Contract Vs. Time and Material
There are two ways that you can have a builder/contractor deliver you a price. One is a contract, (G.M.P guarantied maximum price), and the second is time and material. Below is a list of a few pros and cons for each.
This is the traditional method of doing business and in many cases is still in practice today. It is exactly what it states: guaranteed maximum price, meaning that as long as the drawings do not change and there are no extras added, the price to be paid when the job is finished will be the price quoted.
- Good for a set budget
- If you don’t know or trust your builder (refer to our guide “Selecting the Right Builder” to avoid disappointment)
- Ensures that the builder will get your job done in a speedy manner
- If no changes are to be made, this is a good option.
- Extras can easily be kept separate.
- Monthly payments can be arranged.
- Payments reflect work completed.
- Details may be overseen or ignored in order to meet a strict timeline.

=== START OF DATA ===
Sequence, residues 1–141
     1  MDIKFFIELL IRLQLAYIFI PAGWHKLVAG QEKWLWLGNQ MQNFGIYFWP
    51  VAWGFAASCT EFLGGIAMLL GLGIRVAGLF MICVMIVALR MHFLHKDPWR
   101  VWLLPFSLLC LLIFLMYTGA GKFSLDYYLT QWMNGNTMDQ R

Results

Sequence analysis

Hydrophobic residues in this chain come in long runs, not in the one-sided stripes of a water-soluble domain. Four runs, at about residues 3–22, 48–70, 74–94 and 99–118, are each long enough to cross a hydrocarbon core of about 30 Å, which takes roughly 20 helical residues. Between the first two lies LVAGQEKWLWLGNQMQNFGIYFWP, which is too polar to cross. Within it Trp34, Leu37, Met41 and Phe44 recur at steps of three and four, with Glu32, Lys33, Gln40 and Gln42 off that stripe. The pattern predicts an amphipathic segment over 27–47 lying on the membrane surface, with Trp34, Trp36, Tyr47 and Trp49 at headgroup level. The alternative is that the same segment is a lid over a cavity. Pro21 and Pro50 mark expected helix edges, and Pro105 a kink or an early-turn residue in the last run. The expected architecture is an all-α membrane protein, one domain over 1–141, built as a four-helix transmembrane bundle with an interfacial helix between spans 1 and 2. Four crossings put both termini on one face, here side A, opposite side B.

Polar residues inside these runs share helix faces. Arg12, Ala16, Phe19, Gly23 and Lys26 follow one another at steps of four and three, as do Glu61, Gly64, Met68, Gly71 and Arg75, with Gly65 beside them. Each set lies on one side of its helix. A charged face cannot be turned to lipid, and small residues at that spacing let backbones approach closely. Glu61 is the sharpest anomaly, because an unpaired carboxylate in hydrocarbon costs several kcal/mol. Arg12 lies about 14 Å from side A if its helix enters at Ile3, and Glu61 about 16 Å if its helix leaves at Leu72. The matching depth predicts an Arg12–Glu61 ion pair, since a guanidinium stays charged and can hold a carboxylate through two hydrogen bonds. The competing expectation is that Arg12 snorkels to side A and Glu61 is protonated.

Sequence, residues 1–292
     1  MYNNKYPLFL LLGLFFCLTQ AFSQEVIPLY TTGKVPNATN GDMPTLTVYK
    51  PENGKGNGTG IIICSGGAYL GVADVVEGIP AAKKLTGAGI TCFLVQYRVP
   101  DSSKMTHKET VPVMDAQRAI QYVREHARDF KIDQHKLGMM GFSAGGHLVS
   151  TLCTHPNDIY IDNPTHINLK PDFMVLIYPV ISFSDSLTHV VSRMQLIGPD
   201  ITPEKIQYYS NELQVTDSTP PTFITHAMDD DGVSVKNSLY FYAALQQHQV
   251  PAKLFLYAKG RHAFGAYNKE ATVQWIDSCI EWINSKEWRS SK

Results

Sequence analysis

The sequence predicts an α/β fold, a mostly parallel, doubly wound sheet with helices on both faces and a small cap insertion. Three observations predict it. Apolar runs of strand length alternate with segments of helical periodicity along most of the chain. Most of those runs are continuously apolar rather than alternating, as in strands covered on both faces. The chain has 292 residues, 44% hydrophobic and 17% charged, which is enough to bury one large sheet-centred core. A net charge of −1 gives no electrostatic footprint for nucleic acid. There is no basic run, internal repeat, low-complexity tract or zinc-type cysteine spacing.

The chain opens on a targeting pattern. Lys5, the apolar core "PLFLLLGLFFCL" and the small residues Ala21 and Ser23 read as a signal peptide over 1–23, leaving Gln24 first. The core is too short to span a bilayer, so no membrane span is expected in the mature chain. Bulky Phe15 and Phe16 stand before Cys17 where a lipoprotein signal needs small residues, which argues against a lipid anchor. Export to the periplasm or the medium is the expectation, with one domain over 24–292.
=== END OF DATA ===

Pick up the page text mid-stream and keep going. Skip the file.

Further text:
- This method may tempt some builders to cut corners.
- Changes will ensure a significant “extras” bill at the end.
- The builder/contractor will add extra money to their quote as a buffer to protect them against unforeseen problems.
- Builder may become frustrated with changes. (Refer to our guide “Selecting the Right Builder” to avoid disappointment).
- The warranty may be difficult to claim.
- Confusion may arrise as to what work is the responsibility of the owner or builder and what has been paid for.
Time and Material (Cost plus)
This is the newer way of billing and a better choice when the clients are not sure of what they want and will change things along the way. This method is done by billing at a set rate per hour and adding a percentage to the cost of material and trades the builder uses.
- Gives the client time to work with the builder and make changes at their leisure
- Lets the owner see where every cent is going
- Ensures quality as the builder won’t cut corners to save money
- Allows the builder to give a more accurate quote
- Best option for a renovation
- Usually used as a method of billing for foundation work
- Payment schedule is easy to follow and the owner knows where they stand at the end of every month
- No surprise “extras” bill at the end of the job
- Some builders see this as an open-ended check. (Refer to our guide “Selecting the Right Builder” to avoid disappointment).
- Some builders will let the project drag on.
- More work for the builder and contractor to keep track of the paperwork, receipts, and bills